Dealing with Merry
It is a waste of time and energy trying to figure out why Merry is cold toward you. An obvious possibility is that she still harbors feelings of resentment toward you for becoming pregnant when you did. Merry and her therapist, if she has one, can delve into those issues.
Your goal is to be treated by Merry in such a way that Tess isn’t wondering why Merry isn’t “nice” to you. Some things about Merry’s behavior are beyond your control, e.g., Merry harboring ill feelings toward you, or bad-mouthing you behind your back.
However, you can control her time with and access to Tess. If you feel she is being disrespectful to you in front of your daughter, even after you have asked her to please just use common courtesy, and she refuses, well, she is right: life does have consequences.
My suggestion is that you share this situation with Shane. I understand that you and Shane have an arrangement whereby he does not interfere with your parenting of Tess, but under these circumstances I think you are justified in getting his advice. After all, he is Tess’s father and he has consistently demonstrated that he cares about her. Further, he knows his mother and he may have some ideas on how best to get her to behave politely to you, at least in front of Tess.
Rather than approaching Shane via a personal conversation, I am going to suggest that you send him an e-mail. This accomplishes two things: it requires you to think through exactly what you want to say, what you would like to see happen, what you are thinking about doing, and how you would value his input. An e-mail gives Shane a chance to think carefully about the advice you are seeking and how he can be helpful in responding.
In short, sending him an e-mail increases the chances for the two of you to do some practical collaboration. You share a common goal of wanting the important people in Tess’s life – for example, her paternal grandmother – to behave in ways that do not cause Tess to question why she is not being nice to her mother. I hope Shane receives your request for his guidance as reasonable, under the circumstances.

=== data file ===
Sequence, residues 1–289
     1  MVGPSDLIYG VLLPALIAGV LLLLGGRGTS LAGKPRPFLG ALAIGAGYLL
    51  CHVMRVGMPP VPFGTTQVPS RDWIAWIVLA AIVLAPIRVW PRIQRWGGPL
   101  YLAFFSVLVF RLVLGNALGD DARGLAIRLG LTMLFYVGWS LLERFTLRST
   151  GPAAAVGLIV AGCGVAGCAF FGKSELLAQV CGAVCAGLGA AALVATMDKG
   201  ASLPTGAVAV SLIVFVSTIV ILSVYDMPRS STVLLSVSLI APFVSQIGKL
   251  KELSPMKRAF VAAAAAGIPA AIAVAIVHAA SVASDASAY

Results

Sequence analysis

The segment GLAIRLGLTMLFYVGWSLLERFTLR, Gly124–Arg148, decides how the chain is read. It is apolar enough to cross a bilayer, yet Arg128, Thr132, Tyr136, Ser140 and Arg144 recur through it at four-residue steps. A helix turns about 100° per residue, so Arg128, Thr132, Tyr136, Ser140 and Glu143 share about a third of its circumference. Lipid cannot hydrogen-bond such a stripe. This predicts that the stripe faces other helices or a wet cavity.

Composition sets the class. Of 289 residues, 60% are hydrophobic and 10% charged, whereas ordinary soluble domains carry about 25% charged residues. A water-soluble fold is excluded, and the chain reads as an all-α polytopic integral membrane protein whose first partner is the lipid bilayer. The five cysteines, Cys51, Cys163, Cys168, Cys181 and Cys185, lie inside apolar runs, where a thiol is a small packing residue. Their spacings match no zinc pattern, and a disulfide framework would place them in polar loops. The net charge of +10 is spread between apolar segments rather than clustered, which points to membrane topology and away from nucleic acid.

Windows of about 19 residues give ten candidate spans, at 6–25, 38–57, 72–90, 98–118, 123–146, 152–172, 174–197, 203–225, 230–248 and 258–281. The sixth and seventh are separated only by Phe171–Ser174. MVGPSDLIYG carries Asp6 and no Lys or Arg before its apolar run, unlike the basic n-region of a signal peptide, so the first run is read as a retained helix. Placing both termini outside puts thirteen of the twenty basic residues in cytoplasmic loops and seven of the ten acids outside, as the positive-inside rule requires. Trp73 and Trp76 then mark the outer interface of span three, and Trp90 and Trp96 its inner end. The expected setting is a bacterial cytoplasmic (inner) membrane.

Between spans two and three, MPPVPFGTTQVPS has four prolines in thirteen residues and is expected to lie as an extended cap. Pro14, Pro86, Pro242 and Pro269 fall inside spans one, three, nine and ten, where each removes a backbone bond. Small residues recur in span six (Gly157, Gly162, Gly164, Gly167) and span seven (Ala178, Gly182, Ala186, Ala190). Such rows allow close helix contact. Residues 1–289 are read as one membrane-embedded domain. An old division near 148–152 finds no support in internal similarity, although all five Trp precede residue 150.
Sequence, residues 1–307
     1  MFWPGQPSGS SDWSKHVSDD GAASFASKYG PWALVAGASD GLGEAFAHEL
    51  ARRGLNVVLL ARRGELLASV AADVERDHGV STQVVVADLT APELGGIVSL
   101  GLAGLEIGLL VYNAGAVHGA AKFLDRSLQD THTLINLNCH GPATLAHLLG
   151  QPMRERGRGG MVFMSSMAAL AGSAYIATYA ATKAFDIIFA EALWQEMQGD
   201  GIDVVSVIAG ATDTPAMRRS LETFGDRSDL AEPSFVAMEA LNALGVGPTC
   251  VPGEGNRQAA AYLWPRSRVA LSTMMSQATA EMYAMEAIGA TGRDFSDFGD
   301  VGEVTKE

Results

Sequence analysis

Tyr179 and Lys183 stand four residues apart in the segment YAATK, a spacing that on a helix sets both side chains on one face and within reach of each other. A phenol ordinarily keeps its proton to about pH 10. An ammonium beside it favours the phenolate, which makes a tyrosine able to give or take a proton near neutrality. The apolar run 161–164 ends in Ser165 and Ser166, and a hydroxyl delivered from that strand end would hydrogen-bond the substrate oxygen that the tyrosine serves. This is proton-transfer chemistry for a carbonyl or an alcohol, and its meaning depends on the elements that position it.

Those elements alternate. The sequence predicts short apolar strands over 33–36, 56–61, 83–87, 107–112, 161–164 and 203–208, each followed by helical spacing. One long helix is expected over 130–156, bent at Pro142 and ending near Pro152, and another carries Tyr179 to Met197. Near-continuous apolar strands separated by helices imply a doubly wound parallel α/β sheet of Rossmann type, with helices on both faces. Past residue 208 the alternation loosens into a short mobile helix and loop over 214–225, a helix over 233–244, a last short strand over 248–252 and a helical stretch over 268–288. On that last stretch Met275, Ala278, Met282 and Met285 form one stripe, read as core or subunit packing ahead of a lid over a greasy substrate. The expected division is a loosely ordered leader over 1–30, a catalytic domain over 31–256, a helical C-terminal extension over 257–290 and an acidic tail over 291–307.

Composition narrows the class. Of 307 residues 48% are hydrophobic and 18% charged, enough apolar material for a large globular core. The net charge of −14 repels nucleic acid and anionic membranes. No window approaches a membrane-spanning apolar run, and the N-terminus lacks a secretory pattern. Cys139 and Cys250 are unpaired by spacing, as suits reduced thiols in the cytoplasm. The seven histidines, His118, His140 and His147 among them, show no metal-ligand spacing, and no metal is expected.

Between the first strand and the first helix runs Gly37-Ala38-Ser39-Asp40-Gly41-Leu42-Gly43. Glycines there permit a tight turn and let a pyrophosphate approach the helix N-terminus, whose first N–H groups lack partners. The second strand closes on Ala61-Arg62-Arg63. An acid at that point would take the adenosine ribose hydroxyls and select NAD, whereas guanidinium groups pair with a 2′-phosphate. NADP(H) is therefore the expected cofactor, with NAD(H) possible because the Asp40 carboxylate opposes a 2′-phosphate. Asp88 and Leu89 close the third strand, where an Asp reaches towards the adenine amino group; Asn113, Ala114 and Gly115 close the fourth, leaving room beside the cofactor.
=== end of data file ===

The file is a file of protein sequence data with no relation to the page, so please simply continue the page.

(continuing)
Update: Several Days Later
I am still in a state of shock! I did as you suggested and sent Shane an e-mail, explaining things and how I could use his advice. He e-mailed back immediately, thanking me for letting him know what was going on, and saying he was sure that he and his mother would come to an understanding.
I don’t know exactly what he said to his mother, but I can sort of piece it together. Merry called me and asked if she could come over. When she arrived, she said she wanted to apologize for being less than polite to me in the past and that her being impolite to me would never happen again. She said she loved her time with Tess and that she hoped I would allow her to continue to spend time with her. We shook hands. I told her she was a good grandmother to Tess.
I am glad I contacted Shane! I am hopeful. Thank you for suggesting I get his advice.
Ask Dr. Gramma Karen is published every other Tuesday.
E-mail queries to [email protected]
The views and opinions expressed on this blog are purely the blog contributor’s. Any product claim, statistic, quote or other representation about a product or service should be verified with the manufacturer or provider. Writers may have conflicts of interest, and their opinions are their own.